Re: Re: One Berkley court -132m Tower

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From today’s Irish Times:

@Irish Times Business Opinion 10th September 2007 wrote:

Banks will ensure Dunne will get his two towers

John McManus

Business Opinion: Builder Sean Dunne finally took ownership last week of the Jurys Hotel site in Ballsbridge, and early next month he takes over the adjoining Berkeley Court site.

Dunne paid €379 million for the two sites in 2005, but the fact that he had not actually taken ownership escaped most people, until he pointed it out in a letter to this paper last month.

Dunne was silent about the precise point at which he took on the responsibility for the very large loans that finance his deal, but presumably the meter is now well and truly running.

Indeed, a planning application for the scheme Dunne wants to develop in Ballsbridge has now been lodged, and while it would be foolish to underestimate him, it is at the same time very hard at this stage to see how he will make any money out of the project without driving a coach and four though the planning laws.

Property development is something of a black art of which Dunne is a very successful exponent. Not surprisingly, he is not intending to divulge details of his project’s finances any time soon.

But we can at least make some educated guesses in this regard thanks to a memorandum prepared by Davy Stockbrokers for investors in the Bernard McNamara-led development down the road on the old Irish Glass & Bottle site.

McNamara estimates that his construction, site clearance and finance costs will work out at around €1 billion, or just over €3,300 per square metre for his 300,000sq m mixed use development.

Applying the same multiples to Dunnes 188,102sq m development gives a figure of €620 million. Given that what Dunne has in mind, replete with 37-storey tower, is somewhat more ambitious than McNamara’s development, it is, if anything, rather conservative to use this figure.

It is also conservative to assume that Dunne’s finance costs are on a par with McNamara’s, given the personal involvement of Derek Quinlan in McNamara’s project.

So when the €375 million he spent on the site is added in, it looks like Dunne will need to get in at least €1 billion before he starts to make any money.

The Davy memorandum is also quite helpful for working out what Dunne’s development might be worth if it went ahead as planned.

McNamara is predicting that he will be able to sell apartments in five years time at €8,135 per square metre, and office space at €7,726 per square metre.

More specifically, McNamara expects to get €625,000 for a two-bed apartment when his development comes on stream over the next five years. It is a reasonable assumption given current prices, even allowing for the current weakness in the property market. If anything , these prices look a little cheap for Ballsbridge in five years’ time, but using them compensates for the conservative approach to Dunne’s costs.

According to Dunne’s planning application he plans to build 27,375sq m of retail space and 41,000sq m of office and embassy space. There is also a 12,303sq m hotel planned, along with another 10,144sq m for a cultural centre, creche and other elements. The balance of the 188,103sq m development is apartments.

Using McNamara’s projections, Dunne looks well covered, with the non-residential elements of the project worth around €700 million at those prices and the residential elements are worth another €800 million.

The problem however, is that some 270 of the 536 apartments that Dunne plans to build are housed in two tower blocks that are not even on the same planet as most people’s concept of what is appropriate for Ballsbridge. As well as the landmark 37-storey tower, there is also an 18 storey tower. And that is ignoring the planning obstacles posed by the other buildings proposed for the site which will tower over the neighbourhood.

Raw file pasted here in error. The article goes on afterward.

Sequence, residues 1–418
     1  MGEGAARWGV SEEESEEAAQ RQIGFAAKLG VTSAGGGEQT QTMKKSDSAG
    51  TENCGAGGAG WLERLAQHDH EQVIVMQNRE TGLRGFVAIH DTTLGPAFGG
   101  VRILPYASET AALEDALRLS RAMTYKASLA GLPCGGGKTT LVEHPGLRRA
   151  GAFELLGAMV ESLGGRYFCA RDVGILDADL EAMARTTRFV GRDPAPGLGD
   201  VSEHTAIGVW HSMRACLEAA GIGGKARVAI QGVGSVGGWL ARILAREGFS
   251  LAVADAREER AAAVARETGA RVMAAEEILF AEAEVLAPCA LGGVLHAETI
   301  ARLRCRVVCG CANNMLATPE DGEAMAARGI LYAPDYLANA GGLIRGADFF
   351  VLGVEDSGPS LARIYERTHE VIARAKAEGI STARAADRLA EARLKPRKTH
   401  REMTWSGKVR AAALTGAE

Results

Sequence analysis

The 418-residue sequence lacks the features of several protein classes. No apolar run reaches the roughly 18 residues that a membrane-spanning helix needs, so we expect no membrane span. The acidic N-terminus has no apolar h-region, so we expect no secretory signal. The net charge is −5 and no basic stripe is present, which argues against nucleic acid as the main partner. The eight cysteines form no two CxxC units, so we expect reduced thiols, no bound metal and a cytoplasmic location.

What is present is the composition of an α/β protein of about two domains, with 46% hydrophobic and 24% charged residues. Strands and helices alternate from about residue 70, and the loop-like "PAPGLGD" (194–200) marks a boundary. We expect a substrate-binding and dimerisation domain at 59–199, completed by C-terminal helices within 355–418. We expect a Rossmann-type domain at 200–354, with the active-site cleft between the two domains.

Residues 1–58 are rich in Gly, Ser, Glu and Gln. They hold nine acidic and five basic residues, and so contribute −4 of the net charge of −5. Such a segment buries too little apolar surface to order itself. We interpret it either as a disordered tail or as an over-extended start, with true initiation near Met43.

Very roughly, some €400 million of the €800 million that Dunne hopes to make from the residential aspect of his development is housed in two buildings that, frankly, will amaze, and appal, most people if he gets planning permission for them.

And if he doesn’t get his towers, then the finances of his project look far less robust. It also calls into question the viability of whatever projects the developers who paid even more than Dunne for the adjoining sites in Ballsbridge have in mind. The €54 million an acre paid by Dunne is dwarfed by the €83 million an acre paid by Ray Grehan for an adjoining site and the €133 million an acre paid by Gerry O’Reilly for his site.

Whatever problems Dunne must face, their difficulties will be significantly greater. It is hard to see any of them, Dunne included, making money unless the planning laws are rewritten massively in their favour, and the only logical reason for them to spend the sort of sums they have expended is because they are certain that they will be. It is not even a case of projects being able to wash their faces within the current planning paradigm. Without a decision to allow massive high-density development in Ballsbridge, they will be in trouble.

And that might explain their optimism. Put crudely, Ireland’s big property developers are too big to be allowed fail. As UCD economist Morgan Kelly pointed out in this paper last Friday, the Irish banking sector has a €100 billion exposure to developers and builders. The sort of blood bath that would ensue if a big developer got into trouble would cost the taxpayer billions to fix.

Confronted with that sort of reality, it is possible to see Dunne getting his tower blocks and his peers getting whatever it is that they need. Manhattan in Ballsbridge may be just another Celtic Tiger chicken coming home to roost. Apologies for the mixed metaphor, but it was hard to resist.
© 2007 The Irish Times

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